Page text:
What About Justice?
I’d thought about that a lot so the answers, (an outside audit to track the money and a substantial pool of money to assist the young people) came easily.
My friend quickly asked “what about justice?”
The truth was that I had dismissed seeking justice for the victims…it was outside the realm of possibility because in church, justice is not only often delayed, it’s usually denied.
Despite that, it is the one thing that can bring true healing, wholeness, and the possibility of reconciliation and restoration… the lack of it is part of the reason why the church is losing members and credibility.
Those of us involved in fighting for victims count our victories according to how much exposure our stories get, hoping that the more exposure that comes through the media, the more the powers involved will be shamed into doing justice and seeking righteousness.
It rarely works that way…because when it comes to holding on to power and money, hirelings have no shame.
It rarely works that way because our ecclesiastical systems are set up to benefit those in power, not the people in the pews or others under the control of the ones in power.
(Let me note here that Rob McCoy has been transparent with me in the Potters Field scandal. Others, not so much…)
When scandals or corruption is discovered in churches the machine goes into action…the issue and information about the issue are handled by an elite few and the objective is to keep the machine working whatever the cost has been to victims of that machine.
All this despite the fact that “doing justice” is as biblical a concept as “seeking holiness” or any of the other tenets of the faith.
Justice means that not only is the wrong fully acknowledged and set right, but that every individual affected by the injustice done is made whole to the degree to which such is possible.
Each individual deserves the right to be affirmed in the fact that they have been treated unjustly, to be affirmed in the truth that this was not only wrong, but evil, and to speak to those who have perpetrated the injustice and hear personally the repentance of the ones who hurt them.
Especially in the church, people deserve to know they matter.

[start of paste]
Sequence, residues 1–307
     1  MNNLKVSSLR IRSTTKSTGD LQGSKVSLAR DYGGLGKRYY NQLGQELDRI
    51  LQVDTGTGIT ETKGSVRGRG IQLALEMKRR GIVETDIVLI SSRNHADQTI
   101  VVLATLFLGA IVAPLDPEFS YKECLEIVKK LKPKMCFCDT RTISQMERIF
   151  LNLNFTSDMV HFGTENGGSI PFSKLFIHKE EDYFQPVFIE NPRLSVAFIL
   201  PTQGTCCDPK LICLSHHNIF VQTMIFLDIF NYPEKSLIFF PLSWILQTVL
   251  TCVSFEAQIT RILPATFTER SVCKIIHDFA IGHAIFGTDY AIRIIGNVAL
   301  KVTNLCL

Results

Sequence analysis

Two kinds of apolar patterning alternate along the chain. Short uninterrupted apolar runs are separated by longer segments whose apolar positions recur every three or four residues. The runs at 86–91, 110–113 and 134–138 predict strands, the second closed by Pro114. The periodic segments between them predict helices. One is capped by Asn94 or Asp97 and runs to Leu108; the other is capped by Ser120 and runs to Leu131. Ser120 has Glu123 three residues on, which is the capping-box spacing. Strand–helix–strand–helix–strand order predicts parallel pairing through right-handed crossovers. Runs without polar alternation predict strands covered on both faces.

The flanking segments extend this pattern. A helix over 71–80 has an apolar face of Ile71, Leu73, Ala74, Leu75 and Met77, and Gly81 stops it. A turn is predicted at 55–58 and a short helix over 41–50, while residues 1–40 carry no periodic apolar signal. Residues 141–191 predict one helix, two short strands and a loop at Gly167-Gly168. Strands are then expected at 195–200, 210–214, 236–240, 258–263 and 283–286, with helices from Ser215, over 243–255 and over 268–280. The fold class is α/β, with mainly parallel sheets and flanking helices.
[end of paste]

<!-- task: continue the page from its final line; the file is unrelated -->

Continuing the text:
“For the body does not consist of one member but of many.If the foot should say, “Because I am not a hand, I do not belong to the body,” that would not make it any less a part of the body.And if the ear should say, “Because I am not an eye, I do not belong to the body,” that would not make it any less a part of the body.If the whole body were an eye, where would be the sense of hearing? If the whole body were an ear, where would be the sense of smell?But as it is, God arranged the members in the body, each one of them, as he chose.If all were a single member, where would the body be?As it is, there are many parts, yet one body.
The eye cannot say to the hand, “I have no need of you,” nor again the head to the feet, “I have no need of you.”On the contrary, the parts of the body that seem to be weaker are indispensable,and on those parts of the body that we think less honorable we bestow the greater honor, and our unpresentable parts are treated with greater modesty,which our more presentable parts do not require. But God has so composed the body, giving greater honor to the part that lacked it,that there may be no division in the body, but that the members may have the same care for one another.If one member suffers, all suffer together; if one member is honored, all rejoice together.” (1 Corinthians 12:14–26 ESV)
Those verses seem like a pipe dream to many…because ecclesiastical leadership often considers others in the Body to be “unpresentable parts” and treats them as such.
Thus, the church continues blindly limping through the culture, whoring itself out to earthly powers because the power of the Holy Spirit has left us.
The church is not a business or empires built by men…it is the people of God, the Body of Christ…and we must commit to doing justice and seeking righteousness for all in the Body, not just the ones who really are “unpresentable parts”…and don’t know it…
If you’ve been hurt in the Potters Field scandal or any other church matter, what would justice look like to you?